Talks at Google: Sheila Jordan and Vincent Herring discuss Charlie "Bird" Parker at 100 years old

I have to admit that I was a bit surprised, and I was very disappointed, when there was no Google Doodle celebrating the life  of Charlie Parker on what would have been his 100th birthday: Saturday, August 29th, 2020. I thought to myself "if anyone has earned a celebration of his centennial, it would be Charlie Parker, a man who changed how all jazz musicians, and many musicians from other genres, approached their instruments". In my mind, Charlie Parker made the seemingly impossible both tangible, and within reach. Had there been no Charlie Parker, there would have been no John Coltrane, or Phil Woods, or Hank Crawford, or Michael Brecker, or Sharel Cassity, or Branford Marsalis, or Roxy Coss, or Francesco Cafiso, or scores of other great saxophonists: not as we currently know them. Charlie Parker was like a shining beacon, or a laser beam, that brought both clarity and direction: he showed generations of musicians a clear and confident path forward.

Life works in very mysterious ways, and it is very obvious to me that there is a Massive Intelligence that works both unseen, and behind the scenes. That Intelligent Being helps us at times, and at times holds us back so that we can learn an important lesson, and receive a powerful message: Don't quit; don't give up; Someone very powerful loves you, and is ALWAYS cheering for you in the background. If you stay in faith, you will suffer tribulations, but you will triumph in the end, if you believe. I believe that for every pain that Charlie Parker suffered, every humiliation, every defeat, every tragedy: 1 Person witnessed ALL of it. And that Person gave him the strength to endure that suffering, and the strength to play outpourings of raw unfettered genius night after night.

I was shocked and humbled to find out that Google neither ignored nor forgot about Charlie Parker's Centennial.

Talks at Google

"Talks at Google" is series of talks with influential thinkers hosted by Google for the consumption of Google's employees. Luckily, Google makes these talks publicly available to everyone via YouTube. The diversity of topics, and the diversity of guests on Talks at Google is very impressive. I scrolled through the Talks at Google YouTube page, and I found that there are 13 years worth of videos, with topics ranging from music, to journalism, to psychology, to marketing, to business administration, and much more. It appears that the very first Talk at Google was posted on February 26, 2007: a talk with then presidential candidate Hillary Clinton: https://www.youtube.com/watch?v=cwYKIsJwi2c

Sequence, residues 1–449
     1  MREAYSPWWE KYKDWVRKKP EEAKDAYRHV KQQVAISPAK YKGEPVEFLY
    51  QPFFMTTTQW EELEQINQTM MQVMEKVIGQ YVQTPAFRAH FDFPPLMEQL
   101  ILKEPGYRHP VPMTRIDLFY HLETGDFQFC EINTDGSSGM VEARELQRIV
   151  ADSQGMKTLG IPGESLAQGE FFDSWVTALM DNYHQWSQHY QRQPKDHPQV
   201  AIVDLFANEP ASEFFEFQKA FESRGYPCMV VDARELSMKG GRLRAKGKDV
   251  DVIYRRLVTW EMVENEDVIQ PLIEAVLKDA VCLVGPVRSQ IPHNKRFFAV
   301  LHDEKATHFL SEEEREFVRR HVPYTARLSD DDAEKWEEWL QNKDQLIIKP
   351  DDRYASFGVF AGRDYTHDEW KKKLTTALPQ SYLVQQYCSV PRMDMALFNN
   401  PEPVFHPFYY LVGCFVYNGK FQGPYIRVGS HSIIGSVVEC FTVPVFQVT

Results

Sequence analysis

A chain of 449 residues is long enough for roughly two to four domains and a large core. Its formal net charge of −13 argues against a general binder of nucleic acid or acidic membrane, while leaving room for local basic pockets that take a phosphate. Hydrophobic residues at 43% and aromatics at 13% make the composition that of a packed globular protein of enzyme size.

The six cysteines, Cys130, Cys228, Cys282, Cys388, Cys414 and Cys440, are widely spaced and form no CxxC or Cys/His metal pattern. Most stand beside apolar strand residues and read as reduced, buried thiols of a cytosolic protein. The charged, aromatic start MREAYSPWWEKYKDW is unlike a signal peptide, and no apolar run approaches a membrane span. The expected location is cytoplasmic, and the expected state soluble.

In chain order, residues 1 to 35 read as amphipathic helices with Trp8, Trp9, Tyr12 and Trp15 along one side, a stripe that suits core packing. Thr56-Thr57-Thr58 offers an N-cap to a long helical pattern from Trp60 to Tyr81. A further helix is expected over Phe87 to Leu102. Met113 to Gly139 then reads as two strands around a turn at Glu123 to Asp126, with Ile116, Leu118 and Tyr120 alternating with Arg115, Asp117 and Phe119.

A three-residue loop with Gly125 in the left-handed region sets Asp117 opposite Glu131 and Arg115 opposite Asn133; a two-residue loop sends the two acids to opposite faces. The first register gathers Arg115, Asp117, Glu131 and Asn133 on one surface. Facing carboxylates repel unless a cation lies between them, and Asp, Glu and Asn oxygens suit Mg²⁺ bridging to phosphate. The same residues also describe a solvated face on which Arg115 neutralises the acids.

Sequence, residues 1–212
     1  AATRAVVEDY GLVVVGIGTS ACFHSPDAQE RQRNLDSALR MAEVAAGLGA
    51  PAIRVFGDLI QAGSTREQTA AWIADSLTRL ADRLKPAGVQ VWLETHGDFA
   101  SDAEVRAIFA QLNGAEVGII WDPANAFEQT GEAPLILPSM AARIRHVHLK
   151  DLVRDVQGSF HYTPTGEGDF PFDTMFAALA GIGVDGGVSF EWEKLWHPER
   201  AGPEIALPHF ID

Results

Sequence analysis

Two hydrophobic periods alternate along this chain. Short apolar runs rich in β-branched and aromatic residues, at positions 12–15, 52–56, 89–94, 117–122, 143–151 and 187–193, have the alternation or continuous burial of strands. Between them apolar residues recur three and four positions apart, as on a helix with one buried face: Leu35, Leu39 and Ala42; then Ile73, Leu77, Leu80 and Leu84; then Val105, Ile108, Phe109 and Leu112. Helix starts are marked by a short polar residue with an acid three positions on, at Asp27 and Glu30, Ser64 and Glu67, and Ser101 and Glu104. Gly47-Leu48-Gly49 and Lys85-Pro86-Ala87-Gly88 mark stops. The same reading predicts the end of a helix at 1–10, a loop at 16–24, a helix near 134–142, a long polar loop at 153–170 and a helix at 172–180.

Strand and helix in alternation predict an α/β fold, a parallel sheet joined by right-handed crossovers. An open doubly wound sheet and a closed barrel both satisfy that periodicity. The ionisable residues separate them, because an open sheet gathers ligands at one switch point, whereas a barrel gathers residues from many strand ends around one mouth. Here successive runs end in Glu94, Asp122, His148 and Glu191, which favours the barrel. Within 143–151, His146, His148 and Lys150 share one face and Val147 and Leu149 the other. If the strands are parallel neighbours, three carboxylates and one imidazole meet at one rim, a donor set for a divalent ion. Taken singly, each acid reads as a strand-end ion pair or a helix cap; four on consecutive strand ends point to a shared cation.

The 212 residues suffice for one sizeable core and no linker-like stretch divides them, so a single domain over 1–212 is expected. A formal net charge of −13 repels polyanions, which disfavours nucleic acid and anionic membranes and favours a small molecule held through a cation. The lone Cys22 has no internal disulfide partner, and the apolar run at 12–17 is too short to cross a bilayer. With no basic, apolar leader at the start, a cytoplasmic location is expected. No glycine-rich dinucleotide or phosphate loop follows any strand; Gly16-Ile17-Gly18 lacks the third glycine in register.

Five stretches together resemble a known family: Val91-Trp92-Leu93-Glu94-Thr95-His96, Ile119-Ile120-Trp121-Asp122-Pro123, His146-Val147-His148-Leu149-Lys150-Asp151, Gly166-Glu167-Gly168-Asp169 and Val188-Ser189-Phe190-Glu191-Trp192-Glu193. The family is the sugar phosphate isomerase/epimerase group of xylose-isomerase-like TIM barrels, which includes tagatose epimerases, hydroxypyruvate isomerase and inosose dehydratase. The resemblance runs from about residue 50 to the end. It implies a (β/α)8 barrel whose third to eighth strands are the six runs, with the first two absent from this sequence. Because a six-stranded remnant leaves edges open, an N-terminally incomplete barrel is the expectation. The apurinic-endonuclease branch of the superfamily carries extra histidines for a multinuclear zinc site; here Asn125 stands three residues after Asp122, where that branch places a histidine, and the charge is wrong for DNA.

Sheila Jordan and Vincent Herring discuss Charlie Parker at 100

There is not much that I can say about the video that would add to its excellence: it speaks for itself. Please enjoy the video:

About Sheila Jordan:

Ms. Sheila Jordan is a world-renowned singer and songwriter who specializes in jazz music. She was born on Sunday, November 18, 1928. Charlie Parker was one of the people who recognized Jordan's immense talent early on: she spent her formative teenage years in Detroit, Michigan, and she met Parker for the first time in her teens when he came to Detroit to perform. She had learned to sing many of his songs, and she had put much of his music to words. She became a close friend of Charlie Parker and his family after she moved to New York, and she ended up marrying Duke Jordan, a pianist who played in one of Charlie Parker's bands. She has enjoyed a seven-decades-plus musical career. I heard a story once that Sheila was a frequent Sunday dinner guest at Charlie Parker's home in the mid-1950s when Charlie Parker and his wife Chan, and their children, lived at 151 Avenue B across the street from New York's Tompkins Square Park. She is one of the ever-shrinking list of people still alive who knew Bird personally.

About Vincent Herring:

Mr. Vincent Herring is a globally-respected and revered alto saxophonist and flautist who was born on Thursday, November 19, 1964 in Hopkinsville, Kentucky. He received a musical scholarship to California State University, Chico at the age of 16, and won the lead alto saxophone position in the Jazz Knights, a United States Military Academy band at age 17.  Mr. Herring has been on my radar since I heard his amazing album "Secret Love" in the mid-1990s. I absolutely love Herring's 1999 album "Jobim for Lovers". He is one of those saxophonists that I can immediately recognize upon hearing one or two notes. Herring has played with an incredible list of musical heavyweights: Nat Adderley, Freddie Hubbard, Nancy Wilson, Phil Woods, Dr. Billy Taylor, and many many more.

 

 

 

 

 

 

 

 

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